Officials are trying to determine what made a house blow up.
Photo credit: AP Photo/Houston Chronicle, Cody Duty
June 12--Investigators with the Texas Railroad Commission are looking into what triggered an explosion Tuesday morning that critically injured two adults and an infant boy at a home in rural Montgomery County.
The explosion at about 8:15 a.m. leveled the wood-framed home on F.M. 1486 in Dobbin, located approximately halfway between Conroe and Navasota and about 45 minutes from College Station.
It sent debris flying throughout the area, creating a debris field the size of a football field, and was felt as far away as Willis, 20 miles east, Montgomery County Fire Marshal Jimmy Williams said.
Plantersville residents, about five miles away, heard a "loud bomb noise," Grimes County Sheriff Don Sowell said.
An 8-month-old baby, his 58-year-old grandmother and 65-year-old aunt were in the home at the time of the explosion. All three were taken to the hospital via helicopter -- the baby to UTMB-Galveston with critical injuries and burns, while his grandmother and aunt were taken to Memorial Hermann Hospital in Houston with life-threatening burns. Williams said they were all in critical condition.
The cause of the explosion has yet to be determined, but investigators suspect "a build-up of flammable gases in or around the home," specifically liquid petroleum gas (LPG), known as propane, according to a press release from Williams' office.
"In a city like College Station or Bryan, you have a natural gas system, and it's piped into your home," Williams said. "The only difference here in the country is that you don't have those types of systems, so each individual home has its own tank and its own plumbing in the house."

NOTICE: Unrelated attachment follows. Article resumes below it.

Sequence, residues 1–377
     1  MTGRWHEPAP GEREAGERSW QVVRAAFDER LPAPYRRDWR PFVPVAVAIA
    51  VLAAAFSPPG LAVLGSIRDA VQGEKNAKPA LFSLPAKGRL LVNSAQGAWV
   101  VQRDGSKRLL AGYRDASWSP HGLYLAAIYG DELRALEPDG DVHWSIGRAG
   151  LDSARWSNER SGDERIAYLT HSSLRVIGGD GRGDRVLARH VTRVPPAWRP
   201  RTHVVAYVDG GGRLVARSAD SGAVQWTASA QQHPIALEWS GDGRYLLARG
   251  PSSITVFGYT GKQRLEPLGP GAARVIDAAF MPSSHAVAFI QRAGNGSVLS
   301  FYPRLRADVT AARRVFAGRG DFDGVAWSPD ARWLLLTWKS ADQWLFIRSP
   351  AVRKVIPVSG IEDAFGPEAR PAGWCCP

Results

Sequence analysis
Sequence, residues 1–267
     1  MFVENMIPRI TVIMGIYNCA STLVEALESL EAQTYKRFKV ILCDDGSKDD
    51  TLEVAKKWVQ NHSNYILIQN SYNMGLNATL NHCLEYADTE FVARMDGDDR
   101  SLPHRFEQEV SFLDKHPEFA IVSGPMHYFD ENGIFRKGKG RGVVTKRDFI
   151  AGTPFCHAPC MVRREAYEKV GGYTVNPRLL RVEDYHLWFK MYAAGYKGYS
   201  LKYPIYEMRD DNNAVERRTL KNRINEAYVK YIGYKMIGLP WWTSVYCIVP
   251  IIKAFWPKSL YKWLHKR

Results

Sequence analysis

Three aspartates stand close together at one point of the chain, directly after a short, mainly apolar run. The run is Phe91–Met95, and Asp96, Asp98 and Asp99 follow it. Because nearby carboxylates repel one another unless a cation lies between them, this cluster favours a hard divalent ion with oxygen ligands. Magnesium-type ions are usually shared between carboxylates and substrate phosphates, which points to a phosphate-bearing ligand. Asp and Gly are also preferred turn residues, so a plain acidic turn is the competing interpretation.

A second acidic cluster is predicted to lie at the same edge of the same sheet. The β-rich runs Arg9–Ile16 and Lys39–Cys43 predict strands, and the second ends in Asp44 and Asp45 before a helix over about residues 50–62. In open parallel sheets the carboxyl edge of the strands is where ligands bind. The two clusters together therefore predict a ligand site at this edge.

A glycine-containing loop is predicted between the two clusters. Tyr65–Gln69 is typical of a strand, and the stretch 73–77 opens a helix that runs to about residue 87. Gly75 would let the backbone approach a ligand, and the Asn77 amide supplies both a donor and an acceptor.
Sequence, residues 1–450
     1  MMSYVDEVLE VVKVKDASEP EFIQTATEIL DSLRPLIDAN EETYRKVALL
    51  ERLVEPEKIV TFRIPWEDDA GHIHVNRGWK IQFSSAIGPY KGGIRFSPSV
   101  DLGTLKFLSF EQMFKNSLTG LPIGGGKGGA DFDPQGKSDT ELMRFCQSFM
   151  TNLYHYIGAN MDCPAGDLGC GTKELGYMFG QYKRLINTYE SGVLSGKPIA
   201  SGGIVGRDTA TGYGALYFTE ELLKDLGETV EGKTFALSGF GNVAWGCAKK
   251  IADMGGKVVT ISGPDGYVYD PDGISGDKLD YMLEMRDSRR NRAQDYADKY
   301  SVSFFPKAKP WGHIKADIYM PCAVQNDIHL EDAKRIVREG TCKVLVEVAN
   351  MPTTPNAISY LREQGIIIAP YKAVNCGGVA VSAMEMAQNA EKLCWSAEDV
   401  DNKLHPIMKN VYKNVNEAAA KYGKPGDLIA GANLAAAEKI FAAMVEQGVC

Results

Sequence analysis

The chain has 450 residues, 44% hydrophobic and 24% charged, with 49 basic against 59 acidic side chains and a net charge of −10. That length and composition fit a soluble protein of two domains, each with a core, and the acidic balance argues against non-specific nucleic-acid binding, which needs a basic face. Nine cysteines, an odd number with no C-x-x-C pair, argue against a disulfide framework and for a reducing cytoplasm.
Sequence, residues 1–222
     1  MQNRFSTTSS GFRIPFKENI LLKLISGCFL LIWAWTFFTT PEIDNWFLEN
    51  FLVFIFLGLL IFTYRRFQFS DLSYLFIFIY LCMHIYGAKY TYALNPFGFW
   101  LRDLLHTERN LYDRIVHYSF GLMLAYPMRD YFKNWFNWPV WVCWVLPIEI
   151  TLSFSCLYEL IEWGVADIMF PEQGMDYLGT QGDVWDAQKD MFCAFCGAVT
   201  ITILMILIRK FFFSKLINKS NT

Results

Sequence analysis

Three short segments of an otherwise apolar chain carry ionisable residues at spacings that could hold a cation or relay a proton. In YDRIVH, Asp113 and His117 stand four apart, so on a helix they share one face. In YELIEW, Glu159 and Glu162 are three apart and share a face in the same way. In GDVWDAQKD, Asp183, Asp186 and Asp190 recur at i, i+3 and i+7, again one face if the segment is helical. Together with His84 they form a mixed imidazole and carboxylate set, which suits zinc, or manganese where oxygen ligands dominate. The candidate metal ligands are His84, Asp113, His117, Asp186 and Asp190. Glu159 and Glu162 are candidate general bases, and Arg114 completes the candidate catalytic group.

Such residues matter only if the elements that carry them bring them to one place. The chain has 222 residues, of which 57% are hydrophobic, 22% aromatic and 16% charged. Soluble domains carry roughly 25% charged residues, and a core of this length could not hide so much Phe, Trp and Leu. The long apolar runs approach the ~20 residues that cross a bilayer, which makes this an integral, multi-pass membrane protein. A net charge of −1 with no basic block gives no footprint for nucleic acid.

Triangle B Corp., a company based out of Richards in Grimes County, is the propane provider for the home, according to Ramona Nye, spokesperson for the Texas Railroad Commission, which oversees LPG.
The company could not be reached for comment late Tuesday.
While "a propane explosion is a rare occurrence in Texas," there are ways to prevent them in the home, Nye said in an email.
Homeowners can determine if they have a gas leak by listening for the sound of gas escaping a valve or pipe or by smell because "propane that is used for heating, cooking and to fuel vehicles is required to be odorized," she said.
"If homeowners smell propane in their home, they should immediately extinguish all cigarettes and other sources of ignition; leave the house and move away without using any electric switches, appliances, thermostats or telephones," Nye said. "Once outside, they should close the gas shut-off valve on their outside propane tank or cylinder by turning it to the right. Once they have left the area, they should call their propane supplier or local fire department from a cellphone or neighbor's telephone."
A 1992 gas explosion in Wesley, seven miles south of Brenham, killed three people, injured several others and caused an estimated $9 million in damages when LPG escaped a salt dome, an underground storage cavern.
Investigators do not suspect a salt dome caused Tuesday's explosion.
The Dobbin explosion has "rattled this little community" of 300 residents, Williams said.
"Members of this family have been in the Dobbin community as long as there's been a Dobbin community, and they're a well-known family. ... Everyone here is either a family member or knows a family member," he added.
Stuart Villanueva contributed to this story.
Copyright 2013 - The Eagle, Bryan, Texas